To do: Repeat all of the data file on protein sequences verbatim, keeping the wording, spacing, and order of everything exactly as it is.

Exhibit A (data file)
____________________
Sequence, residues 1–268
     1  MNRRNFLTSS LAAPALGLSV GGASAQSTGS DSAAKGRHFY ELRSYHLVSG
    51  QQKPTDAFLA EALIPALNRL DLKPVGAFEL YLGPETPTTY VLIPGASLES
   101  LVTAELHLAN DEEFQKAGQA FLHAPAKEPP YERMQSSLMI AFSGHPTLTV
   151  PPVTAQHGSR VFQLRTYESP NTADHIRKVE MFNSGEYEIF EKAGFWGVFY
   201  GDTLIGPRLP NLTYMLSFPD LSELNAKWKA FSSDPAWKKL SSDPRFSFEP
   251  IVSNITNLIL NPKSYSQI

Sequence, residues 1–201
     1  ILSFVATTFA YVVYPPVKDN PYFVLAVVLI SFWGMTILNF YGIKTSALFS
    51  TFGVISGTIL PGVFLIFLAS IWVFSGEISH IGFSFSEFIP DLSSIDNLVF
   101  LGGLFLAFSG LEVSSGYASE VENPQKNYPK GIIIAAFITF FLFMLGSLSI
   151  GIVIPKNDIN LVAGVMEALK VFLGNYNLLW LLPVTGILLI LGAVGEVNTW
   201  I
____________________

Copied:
Sequence, residues 1–268
     1  MNRRNFLTSS LAAPALGLSV GGASAQSTGS DSAAKGRHFY ELRSYHLVSG
    51  QQKPTDAFLA EALIPALNRL DLKPVGAFEL YLGPETPTTY VLIPGASLES
   101  LVTAELHLAN DEEFQKAGQA FLHAPAKEPP YERMQSSLMI AFSGHPTLTV
   151  PPVTAQHGSR VFQLRTYESP NTADHIRKVE MFNSGEYEIF EKAGFWGVFY
   201  GDTLIGPRLP NLTYMLSFPD LSELNAKWKA FSSDPAWKKL SSDPRFSFEP
   251  IVSNITNLIL NPKSYSQI

Sequence, residues 1–201
     1  ILSFVATTFA YVVYPPVKDN PYFVLAVVLI SFWGMTILNF YGIKTSALFS
    51  TFGVISGTIL PGVFLIFLAS IWVFSGEISH IGFSFSEFIP DLSSIDNLVF
   101  LGGLFLAFSG LEVSSGYASE VENPQKNYPK GIIIAAFITF FLFMLGSLSI
   151  GIVIPKNDIN LVAGVMEALK VFLGNYNLLW LLPVTGILLI LGAVGEVNTW
   201  I